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calculating opportunity costs, production possibility

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There are five exercises in this solution set. The problem set is attached. For convenience sake, I am providing the question in Exercise 1: Use the following production possibility tables for war goods and civilian goods.

Production Alternatives
Type of Production A B C D E
Automobiles 0 2 4 6 8
Missiles 30 22 18 10 0

If the economy is at point C, what is the cost of one more automobile? What is the cost of one more missile?

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Exercise 1:
In order to explain the math I have assigned variables as follows (note the capital letter represents the column and the lower case letter represents the good):
A B C D E
Aa Ba Ca Da Ea
Am Bm Cm Dm Em

If the economy is at the point C, what is the cost of one more automobile?
Answer: The cost of one more automobile is the opportunity cost of foregoing the production of another missile. Therefore the cost of one more automobile is (Cm-Dm)/(Da-Ca). The answer being (18-10)/(6-4)=4. The cost of producing one more automobiles is 4 missiles.
If the economy is at the point C, what is the cost of one more missile?
Answer: The cost of one more missile is the opportunity cost of foregoing the production of another automobile. Therefore the cost of one more missile is (Ca-Ba)/(Bm-Cm). The answer ...

Solution Summary

The expert calculates the opportunity costs and production possibilities. Production alternatives are given for convenience sakes.

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See Also This Related BrainMass Solution

Calculating Opportunity Cost: Chickens and Potatoes Example

Suppose that two people, Michelle and James each live alone in an isolated region. They each have the same resources available, and they grow potatoes and raise chickens. If Michelle devotes all her resources to growing potatoes, she can raise 200 pounds of potatoes per year. If she devotes all her resources to raising chickens, she can raise 50 chickens per year. (If she apportions some resources to each, then she can produce any linear combination of chickens and potatoes that lies between those extreme points. If James devotes all his resources to growing potatoes, he can raise 80 pounds of potatoes per year. If he devotes all his resources to raising chickens, he can raise 40 chickens per year. (If he apportions some resources to each, then he can produce any linear combination of chickens and potatoes that lies between those extreme points.)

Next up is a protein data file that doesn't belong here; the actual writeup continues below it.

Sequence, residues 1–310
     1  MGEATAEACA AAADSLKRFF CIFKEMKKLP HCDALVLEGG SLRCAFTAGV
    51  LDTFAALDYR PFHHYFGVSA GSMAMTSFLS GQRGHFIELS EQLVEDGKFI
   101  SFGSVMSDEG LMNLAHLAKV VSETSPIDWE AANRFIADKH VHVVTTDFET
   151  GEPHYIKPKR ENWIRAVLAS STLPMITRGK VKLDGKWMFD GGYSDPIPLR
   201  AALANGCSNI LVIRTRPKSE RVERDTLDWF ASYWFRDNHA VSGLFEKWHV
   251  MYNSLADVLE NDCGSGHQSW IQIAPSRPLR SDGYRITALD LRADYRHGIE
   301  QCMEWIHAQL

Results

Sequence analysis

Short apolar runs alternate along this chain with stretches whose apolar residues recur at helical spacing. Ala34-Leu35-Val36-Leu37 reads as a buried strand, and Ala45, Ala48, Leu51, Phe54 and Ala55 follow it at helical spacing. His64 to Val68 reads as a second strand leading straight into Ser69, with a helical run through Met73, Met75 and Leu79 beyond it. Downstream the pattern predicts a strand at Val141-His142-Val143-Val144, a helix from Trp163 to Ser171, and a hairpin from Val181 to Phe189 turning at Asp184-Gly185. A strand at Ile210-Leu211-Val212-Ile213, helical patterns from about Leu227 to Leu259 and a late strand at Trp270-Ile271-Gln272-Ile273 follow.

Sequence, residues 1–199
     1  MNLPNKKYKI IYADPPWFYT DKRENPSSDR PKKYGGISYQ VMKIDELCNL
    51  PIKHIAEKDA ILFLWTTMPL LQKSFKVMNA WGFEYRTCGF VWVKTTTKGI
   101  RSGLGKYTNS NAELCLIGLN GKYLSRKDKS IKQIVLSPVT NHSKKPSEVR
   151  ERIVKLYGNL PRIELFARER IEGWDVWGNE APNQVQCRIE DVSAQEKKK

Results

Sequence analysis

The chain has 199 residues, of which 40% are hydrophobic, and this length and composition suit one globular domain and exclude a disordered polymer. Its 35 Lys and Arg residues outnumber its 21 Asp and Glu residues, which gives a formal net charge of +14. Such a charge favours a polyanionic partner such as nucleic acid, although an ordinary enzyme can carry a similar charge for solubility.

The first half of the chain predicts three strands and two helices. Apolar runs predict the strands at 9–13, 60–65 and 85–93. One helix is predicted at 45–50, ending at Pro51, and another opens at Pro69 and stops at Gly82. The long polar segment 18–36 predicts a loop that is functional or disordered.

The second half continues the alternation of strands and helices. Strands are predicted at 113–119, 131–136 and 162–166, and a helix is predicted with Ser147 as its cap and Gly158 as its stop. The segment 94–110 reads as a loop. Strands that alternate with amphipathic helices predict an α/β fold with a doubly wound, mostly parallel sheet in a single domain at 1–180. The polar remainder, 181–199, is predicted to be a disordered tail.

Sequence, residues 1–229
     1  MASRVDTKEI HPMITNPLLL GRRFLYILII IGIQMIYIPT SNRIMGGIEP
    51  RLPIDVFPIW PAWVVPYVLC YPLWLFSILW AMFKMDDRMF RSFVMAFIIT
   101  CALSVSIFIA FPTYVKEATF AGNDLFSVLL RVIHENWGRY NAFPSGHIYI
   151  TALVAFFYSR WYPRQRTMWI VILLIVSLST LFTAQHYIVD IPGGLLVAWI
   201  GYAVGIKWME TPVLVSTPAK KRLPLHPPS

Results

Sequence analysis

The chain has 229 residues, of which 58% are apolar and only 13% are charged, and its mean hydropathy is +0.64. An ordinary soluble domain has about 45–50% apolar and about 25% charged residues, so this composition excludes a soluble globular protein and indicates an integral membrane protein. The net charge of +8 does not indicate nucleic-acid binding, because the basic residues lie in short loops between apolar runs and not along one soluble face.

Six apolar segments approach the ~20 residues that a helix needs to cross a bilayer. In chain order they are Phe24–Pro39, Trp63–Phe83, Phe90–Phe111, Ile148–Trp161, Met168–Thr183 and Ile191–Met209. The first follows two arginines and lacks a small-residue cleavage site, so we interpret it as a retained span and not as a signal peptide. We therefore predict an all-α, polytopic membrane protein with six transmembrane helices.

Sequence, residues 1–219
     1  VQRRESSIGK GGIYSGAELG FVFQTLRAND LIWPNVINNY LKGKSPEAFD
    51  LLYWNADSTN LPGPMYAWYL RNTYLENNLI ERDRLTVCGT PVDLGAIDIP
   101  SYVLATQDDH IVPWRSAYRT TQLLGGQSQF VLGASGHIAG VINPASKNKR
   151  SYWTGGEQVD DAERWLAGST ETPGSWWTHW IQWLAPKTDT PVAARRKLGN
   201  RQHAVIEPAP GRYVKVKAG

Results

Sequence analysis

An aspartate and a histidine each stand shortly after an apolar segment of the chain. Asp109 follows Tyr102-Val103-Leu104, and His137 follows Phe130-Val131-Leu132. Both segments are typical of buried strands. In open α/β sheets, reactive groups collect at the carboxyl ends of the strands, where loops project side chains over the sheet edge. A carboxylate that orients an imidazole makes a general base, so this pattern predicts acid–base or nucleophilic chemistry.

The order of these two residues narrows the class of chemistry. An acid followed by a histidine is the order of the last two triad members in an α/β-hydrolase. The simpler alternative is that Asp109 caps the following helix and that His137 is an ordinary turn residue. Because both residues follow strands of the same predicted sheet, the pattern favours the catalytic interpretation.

Potatoes Chickens
Michelle 200 50
James 80 40

- What is Michelle's opportunity cost of producing potatoes?
- What is Michelle's opportunity cost of producing chickens?
- What is James' opportunity cost of producing potatoes?
- What is James' opportunity cost of producing chickens?
- Which person has an absolute advantage in which activities?
- Which person has a comparative?
- Suppose that they are thinking of each specializing completely in the area in which they have a comparative advantage, and then trading at a rate of 2.5 pounds of potatoes for 1 chicken, would they each be better off? Explain.
- How would you extend the above narrative to businesses, society as a whole or nations? Explain.

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